Why David Letterman Matters (to me)
Next Wednesday, May 20th, the talk show host David Letterman will retire after serving 33 years behind the desk in late night. It’s an accomplishment unparalleled in television, unlikely to be repeated.
In this hyperconnected social media world, the late night talk show doesn’t really make much sense any more. Why is this on at 11:30? Why not catch up with (the insufferably earnest, if you ask me) Jimmy Fallon when you hear about his latest lip synch sensation on Facebook?
But if you only know Letterman for his show in recent years, then you won’t understand why this occasion means so much to people like me. Back in the days salad days of Network Television, there just weren’t that many places to find odd, cynical voices on TV .
There were four networks and there were two or three late night shows on TV. (In my early teenage years these were Johnny Carson, David Letterman and Arsenio Hall). That was it at late night: M*A*S*H reruns or a talk show.
I found him when I was 13
I had heard about Letterman from a cool family friend (David Mendelson), but I had never stayed up to watch him myself until I came home from some classmates bat mitzvah (Chloe and Lindsey Weil — twins). I was in 7th grade, and for many these Jewish celebrations mark the beginning of what 13 year olds would say were their real teenage years. I came home from some “partying with my friends” to a house asleep. I was my own man: I turned on the TV and found Late Night with David Letterman.
It was subversive, weird and ironic, unlike any other place in culture. I felt welcome. The host made fun of his bosses at NBC, which was a useful bit of evidence for a kid picking fights with his teachers at school.
Letterman hated phonies in a way that every careful reader of Catcher in the Rye would immediately recognize. He had a sometimes flirty, sometimes combative on-air relationships with guests.
He celebrated the oddball
As always, and for no apparent reason, here is Larry “Bud” Mellman:
It was like nothing else on television.
Here’s what Conan O’Brien said the other day:
Dave’s show was that rare phenomenon: a big, fat show business hit that seemingly despised show business. Dave didn’t belong, and he had no interest in belonging. He amused himself, skewered clueless celebrity guests, and did strange, ironic comedic bits that no one had seen on television before. Everything about that show was surreal and off-kilter. Where late night television had once provided comfort, this man reveled in awkwardness. Cher called him an asshole. Andy Kaufman ran screaming from the set. Chris Elliot lived under the stairs. Throughout one episode the entire show rotated a complete 360 degrees, for no reason whatsoever.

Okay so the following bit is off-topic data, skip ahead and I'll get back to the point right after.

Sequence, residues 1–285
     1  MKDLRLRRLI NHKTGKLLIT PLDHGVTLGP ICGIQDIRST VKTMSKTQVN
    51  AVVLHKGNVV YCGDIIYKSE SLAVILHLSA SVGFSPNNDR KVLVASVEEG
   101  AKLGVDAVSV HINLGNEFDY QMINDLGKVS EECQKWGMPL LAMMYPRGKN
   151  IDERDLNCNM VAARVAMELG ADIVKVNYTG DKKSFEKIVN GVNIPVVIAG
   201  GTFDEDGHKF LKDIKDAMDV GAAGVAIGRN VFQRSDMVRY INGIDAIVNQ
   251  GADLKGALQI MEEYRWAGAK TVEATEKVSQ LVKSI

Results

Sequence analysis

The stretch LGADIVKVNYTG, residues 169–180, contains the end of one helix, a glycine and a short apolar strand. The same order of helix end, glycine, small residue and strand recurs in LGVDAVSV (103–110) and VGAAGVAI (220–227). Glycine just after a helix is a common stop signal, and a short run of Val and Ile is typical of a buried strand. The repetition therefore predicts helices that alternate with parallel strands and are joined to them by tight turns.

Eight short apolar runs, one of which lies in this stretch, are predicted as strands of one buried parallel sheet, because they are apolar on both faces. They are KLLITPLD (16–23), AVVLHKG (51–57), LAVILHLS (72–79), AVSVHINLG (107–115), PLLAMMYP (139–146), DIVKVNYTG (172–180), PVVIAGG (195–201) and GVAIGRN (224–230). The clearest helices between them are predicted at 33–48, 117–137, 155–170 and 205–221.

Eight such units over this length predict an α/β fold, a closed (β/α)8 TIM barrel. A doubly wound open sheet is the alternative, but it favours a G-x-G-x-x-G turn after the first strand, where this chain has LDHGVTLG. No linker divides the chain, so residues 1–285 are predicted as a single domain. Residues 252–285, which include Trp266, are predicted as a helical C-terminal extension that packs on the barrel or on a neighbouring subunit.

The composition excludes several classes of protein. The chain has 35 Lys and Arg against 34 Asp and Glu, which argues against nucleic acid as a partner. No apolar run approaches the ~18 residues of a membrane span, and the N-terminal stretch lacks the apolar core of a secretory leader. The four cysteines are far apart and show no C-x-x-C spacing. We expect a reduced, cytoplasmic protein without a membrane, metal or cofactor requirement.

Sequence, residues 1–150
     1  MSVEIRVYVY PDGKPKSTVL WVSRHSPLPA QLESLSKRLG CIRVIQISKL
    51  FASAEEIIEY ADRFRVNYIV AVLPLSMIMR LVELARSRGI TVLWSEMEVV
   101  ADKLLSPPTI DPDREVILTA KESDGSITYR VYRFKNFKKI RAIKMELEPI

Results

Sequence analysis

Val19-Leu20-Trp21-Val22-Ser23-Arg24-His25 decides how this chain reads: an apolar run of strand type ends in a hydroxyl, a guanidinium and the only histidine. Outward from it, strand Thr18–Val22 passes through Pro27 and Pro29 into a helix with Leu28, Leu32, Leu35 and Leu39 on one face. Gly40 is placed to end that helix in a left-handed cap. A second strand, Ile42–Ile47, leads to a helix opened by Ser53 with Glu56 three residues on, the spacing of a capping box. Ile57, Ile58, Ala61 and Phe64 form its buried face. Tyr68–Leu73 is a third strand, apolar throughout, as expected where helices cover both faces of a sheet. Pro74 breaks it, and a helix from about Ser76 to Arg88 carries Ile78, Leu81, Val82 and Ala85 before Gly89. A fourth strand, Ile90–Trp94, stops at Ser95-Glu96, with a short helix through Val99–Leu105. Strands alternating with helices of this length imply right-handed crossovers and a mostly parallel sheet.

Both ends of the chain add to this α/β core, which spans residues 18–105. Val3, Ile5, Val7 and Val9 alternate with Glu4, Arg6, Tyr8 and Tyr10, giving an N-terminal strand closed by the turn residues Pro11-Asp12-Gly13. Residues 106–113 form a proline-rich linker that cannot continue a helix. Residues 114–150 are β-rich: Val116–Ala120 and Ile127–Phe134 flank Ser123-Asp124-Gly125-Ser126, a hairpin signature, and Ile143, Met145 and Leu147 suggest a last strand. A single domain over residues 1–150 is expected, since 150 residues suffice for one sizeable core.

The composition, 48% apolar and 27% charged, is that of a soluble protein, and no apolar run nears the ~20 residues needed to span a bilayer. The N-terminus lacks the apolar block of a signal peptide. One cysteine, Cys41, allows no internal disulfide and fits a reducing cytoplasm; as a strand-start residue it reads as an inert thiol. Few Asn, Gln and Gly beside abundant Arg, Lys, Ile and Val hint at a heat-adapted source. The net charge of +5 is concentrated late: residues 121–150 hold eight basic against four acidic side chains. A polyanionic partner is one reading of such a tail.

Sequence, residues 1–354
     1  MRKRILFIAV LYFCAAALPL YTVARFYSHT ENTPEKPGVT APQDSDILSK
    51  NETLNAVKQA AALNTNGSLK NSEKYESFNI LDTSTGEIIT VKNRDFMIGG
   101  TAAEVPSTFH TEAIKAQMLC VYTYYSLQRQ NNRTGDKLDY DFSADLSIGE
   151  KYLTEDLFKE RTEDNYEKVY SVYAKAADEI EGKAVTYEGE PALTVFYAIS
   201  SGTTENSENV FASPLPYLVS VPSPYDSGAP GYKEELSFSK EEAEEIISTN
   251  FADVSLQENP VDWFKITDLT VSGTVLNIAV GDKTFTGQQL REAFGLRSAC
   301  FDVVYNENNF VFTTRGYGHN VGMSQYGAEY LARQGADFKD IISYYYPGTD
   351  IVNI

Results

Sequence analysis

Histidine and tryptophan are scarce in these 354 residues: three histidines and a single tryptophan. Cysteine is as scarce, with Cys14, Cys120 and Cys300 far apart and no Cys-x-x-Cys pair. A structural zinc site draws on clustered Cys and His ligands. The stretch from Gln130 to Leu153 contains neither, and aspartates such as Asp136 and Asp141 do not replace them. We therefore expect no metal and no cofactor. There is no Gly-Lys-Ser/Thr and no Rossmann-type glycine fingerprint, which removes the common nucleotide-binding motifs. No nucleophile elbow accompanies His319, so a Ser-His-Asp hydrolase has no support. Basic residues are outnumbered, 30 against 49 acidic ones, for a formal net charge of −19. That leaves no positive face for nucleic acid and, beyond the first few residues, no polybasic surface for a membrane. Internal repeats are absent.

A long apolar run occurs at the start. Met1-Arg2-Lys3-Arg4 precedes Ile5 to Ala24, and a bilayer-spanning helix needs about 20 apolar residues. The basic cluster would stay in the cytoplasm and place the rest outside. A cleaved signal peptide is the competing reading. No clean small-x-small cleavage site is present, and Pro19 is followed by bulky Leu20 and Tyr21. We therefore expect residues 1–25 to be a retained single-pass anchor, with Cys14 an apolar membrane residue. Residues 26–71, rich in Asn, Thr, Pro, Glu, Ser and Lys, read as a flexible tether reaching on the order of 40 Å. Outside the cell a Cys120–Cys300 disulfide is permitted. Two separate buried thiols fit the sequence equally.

And here is Cher calling Dave an asshole:
For me, my obsession to David Letterman in high school and college consisted of taping every show, ordering away for “late night” t-shirts, and reading every interview I could find in a pre-internet world. I talked to everyone about the show, even if they didn’t show much interest.
I wrote countless letters to Viewer Mail (and got one on in 1991). I applied for internships with the show. I moved to New York to be a CBS page. And I positively mimicked a certain sense of humor.
Tina Fey breaks down a whole class of guys like me:
For my generation, Dave completely defined the way we spoke to each other. I didn’t meet one boy in college who wasn’t talking in Dave’s cadence and ripping off his style.
Eventually I stopped watching Letterman
I guess I outgrew him, or moved on to other things. And honestly I don’t think the Letterman show has been particularly funny or innovative since he moved it an hour earlier at CBS in 1993. His new show had energy in those early CBS days, but the host was broadening his show — he wasn’t groundbreaking and subversive any more.
In the intervening years we got cable TV and the Internet. If you’re looking for the innovative voices in comedy (and in the writers room) they’re everywhere. For me, I spent more time following Jon Stewart, Stephen Colbert, Amy Schumer, Eric Andre.
Letterman in the last decade has been phoning it in. And he’s had his own struggles: He had quadruple bypass and scandal. He grew older, got married and had a kid. He mellowed out a lot on the air. He got bored as he approached 6,000 hours of TV.
Yet he still showed up with moments every now and then: he still skewered the self-absorbed. Along with Jon Stewart, he showed us that there was a time for a funnyman to be as direct and genuine as much as any journalist, as he did on his first show after 9/11.
I’ve come back to being a loyal viewer of Letterman again only in the last few months. I have watched A LOT of his old NBC show on YouTube.
And I reconvened with my old CBS page colleagues for a visit to the Ed Sullivan Theater one last time last month. It feels very fun to be solidly back in his fan base.
As his show winds down his longtime celebrity friends are coming back to pay homage to their old uncompromising friend, much as they did for Johnny Carson a generation ago. And Letterman is having fun for the first time in years. You can still see that sharp, distinctive and insecure mind still at work.
For me, this all brings a distinct wistfulness to the proceedings. It’s not just me reflecting on what David Letterman’s retirement means to culture. It’s what it means to me. You can see a bit of this in appearances like Adam Sandler’s this week. The big four networks don’t mean anything any more, nor do any of the institutions that we all grew up with. Where has all the time gone since we first found David Letterman?
He’s a legendary, brilliant and really funny broadcaster.
30 years have gone by.
His retirement means we’re not teenagers any more.